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Yanks-Sox rivalry about to be as good as ever

First-year managers brought in to get clubs over hump in 2018
MLB.com @MikeLupica

WEST PALM BEACH, Fla. -- Aaron Boone was a part of the Yankees-Red Sox rivalry when it was as good as it ever was, and ever will be again.

Oh, sure, Boone was there in 2003 to hit one of the most famous October home runs in all of Yankees history -- against the Red Sox, bottom of the 11th, Game 7, American League Championship Series, at the old Yankee Stadium, off Tim Wakefield. One of the great October nights the old place had ever seen, and it had seen plenty.

WEST PALM BEACH, Fla. -- Aaron Boone was a part of the Yankees-Red Sox rivalry when it was as good as it ever was, and ever will be again.

Oh, sure, Boone was there in 2003 to hit one of the most famous October home runs in all of Yankees history -- against the Red Sox, bottom of the 11th, Game 7, American League Championship Series, at the old Yankee Stadium, off Tim Wakefield. One of the great October nights the old place had ever seen, and it had seen plenty.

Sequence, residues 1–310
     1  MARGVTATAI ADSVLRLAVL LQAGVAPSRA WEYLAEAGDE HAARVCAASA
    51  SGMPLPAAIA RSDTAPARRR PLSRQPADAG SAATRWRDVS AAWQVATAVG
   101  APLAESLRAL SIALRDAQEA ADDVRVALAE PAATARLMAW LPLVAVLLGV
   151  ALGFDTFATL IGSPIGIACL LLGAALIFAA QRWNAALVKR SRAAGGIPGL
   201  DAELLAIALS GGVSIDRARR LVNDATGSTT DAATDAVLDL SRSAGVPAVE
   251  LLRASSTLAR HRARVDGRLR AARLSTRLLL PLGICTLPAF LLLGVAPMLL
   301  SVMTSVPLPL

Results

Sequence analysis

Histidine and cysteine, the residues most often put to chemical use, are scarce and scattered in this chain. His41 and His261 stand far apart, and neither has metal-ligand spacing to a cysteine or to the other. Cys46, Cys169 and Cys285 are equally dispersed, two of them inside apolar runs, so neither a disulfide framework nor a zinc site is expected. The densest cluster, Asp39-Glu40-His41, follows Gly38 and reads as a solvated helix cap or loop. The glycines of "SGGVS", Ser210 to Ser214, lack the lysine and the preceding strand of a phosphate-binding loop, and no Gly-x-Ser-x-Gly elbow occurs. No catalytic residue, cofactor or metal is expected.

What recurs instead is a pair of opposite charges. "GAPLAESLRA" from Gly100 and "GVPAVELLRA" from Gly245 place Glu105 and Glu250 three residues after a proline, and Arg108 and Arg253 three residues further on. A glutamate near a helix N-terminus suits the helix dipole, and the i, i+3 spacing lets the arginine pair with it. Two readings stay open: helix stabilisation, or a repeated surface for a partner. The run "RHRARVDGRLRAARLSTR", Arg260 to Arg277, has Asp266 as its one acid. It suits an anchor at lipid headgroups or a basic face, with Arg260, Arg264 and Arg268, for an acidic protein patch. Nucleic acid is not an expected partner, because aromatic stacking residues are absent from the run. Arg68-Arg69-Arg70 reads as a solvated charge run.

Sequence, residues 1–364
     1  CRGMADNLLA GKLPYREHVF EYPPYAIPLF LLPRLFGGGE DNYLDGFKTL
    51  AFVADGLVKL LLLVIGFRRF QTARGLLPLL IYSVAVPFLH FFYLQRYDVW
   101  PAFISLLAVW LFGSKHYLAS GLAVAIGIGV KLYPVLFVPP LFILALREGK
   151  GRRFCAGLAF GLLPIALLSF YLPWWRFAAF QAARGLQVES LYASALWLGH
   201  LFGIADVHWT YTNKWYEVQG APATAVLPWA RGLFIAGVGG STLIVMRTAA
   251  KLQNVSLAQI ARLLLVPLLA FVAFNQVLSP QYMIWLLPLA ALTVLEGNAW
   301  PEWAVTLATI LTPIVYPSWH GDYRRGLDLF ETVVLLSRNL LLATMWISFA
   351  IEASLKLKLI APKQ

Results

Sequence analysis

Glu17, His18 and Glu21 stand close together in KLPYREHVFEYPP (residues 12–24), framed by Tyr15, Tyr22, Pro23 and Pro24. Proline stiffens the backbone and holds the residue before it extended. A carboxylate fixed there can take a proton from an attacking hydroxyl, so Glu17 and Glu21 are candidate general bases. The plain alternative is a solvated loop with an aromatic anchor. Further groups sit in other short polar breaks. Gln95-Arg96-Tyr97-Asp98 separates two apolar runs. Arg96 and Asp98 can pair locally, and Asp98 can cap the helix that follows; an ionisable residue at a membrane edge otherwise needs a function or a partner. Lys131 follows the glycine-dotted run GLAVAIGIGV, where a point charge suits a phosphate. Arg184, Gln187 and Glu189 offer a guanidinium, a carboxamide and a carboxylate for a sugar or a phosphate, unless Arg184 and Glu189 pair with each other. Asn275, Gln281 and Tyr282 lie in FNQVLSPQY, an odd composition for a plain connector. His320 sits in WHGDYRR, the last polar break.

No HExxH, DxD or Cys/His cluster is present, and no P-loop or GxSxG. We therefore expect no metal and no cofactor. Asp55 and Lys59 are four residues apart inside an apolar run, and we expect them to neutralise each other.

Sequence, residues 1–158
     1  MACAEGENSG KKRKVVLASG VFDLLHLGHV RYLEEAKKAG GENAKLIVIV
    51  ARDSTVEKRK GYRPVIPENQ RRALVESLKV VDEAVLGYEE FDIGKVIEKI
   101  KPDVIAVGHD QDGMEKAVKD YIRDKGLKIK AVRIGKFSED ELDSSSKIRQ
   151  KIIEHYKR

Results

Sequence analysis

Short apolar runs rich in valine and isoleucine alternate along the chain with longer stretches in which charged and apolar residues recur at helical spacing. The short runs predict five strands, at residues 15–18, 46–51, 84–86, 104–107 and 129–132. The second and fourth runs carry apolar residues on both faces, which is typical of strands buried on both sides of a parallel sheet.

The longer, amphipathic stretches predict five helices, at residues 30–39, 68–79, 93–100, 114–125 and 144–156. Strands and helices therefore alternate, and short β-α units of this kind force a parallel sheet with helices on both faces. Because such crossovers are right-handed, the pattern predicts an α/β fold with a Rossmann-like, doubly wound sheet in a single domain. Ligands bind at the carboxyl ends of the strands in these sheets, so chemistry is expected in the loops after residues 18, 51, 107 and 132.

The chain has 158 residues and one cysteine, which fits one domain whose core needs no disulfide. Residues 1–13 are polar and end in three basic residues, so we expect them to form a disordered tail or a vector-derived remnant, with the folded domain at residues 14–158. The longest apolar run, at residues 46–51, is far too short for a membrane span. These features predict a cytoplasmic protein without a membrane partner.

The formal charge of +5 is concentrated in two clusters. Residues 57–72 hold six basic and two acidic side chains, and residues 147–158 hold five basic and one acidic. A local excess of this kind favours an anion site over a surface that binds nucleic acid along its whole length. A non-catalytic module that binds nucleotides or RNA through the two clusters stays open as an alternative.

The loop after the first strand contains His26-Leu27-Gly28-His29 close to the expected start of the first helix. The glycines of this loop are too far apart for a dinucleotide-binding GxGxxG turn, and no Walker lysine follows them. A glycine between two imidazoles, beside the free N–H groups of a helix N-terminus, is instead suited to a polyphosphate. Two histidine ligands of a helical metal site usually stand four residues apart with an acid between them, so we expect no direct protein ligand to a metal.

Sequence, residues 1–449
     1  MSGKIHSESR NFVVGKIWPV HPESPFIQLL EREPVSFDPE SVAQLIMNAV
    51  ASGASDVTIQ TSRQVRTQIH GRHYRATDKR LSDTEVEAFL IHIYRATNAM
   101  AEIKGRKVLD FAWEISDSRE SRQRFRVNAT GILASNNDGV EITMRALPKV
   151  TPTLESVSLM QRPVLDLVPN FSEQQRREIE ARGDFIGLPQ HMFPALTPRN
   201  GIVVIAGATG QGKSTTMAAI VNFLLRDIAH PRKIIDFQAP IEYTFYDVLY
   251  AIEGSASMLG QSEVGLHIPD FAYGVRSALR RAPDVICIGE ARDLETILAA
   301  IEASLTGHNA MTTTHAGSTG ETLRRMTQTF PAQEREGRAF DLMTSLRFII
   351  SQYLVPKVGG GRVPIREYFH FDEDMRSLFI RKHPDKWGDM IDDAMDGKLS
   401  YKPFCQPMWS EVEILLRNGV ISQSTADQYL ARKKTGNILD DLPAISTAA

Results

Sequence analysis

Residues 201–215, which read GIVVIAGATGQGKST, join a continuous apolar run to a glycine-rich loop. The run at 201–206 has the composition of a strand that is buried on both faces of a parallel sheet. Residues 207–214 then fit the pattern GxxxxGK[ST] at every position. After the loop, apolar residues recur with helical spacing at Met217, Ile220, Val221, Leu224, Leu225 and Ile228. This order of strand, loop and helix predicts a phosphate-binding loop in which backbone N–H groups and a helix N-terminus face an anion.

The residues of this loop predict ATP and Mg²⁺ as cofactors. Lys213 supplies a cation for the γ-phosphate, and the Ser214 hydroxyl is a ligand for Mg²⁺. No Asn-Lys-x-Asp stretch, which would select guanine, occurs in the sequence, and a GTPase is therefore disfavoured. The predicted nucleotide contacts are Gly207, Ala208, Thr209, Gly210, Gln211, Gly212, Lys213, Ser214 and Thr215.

Video: Must C Classic: Boone send Yankees to World Series

The two teams played 19 regular-season games that year, and then seven memorable games in the ALCS. And what happened the next year? They played 19 more regular-season games and seven more in the ALCS, with the Red Sox coming from 0-3 down and getting four straight games off the Yankees and then sweeping the Cardinals in the World Series after that.

Video: 2004 ALCS walk-off fuels historic rally

"I think there's a reason why the ribbing I've always taken in Boston has been good-natured," Boone was saying in Port St. Lucie, Fla., last week. Then he grinned and said, "I mean [the Red Sox] did go on to win three World Series in the next 10 years. Who knows what would have happened if I didn't hit that home run?"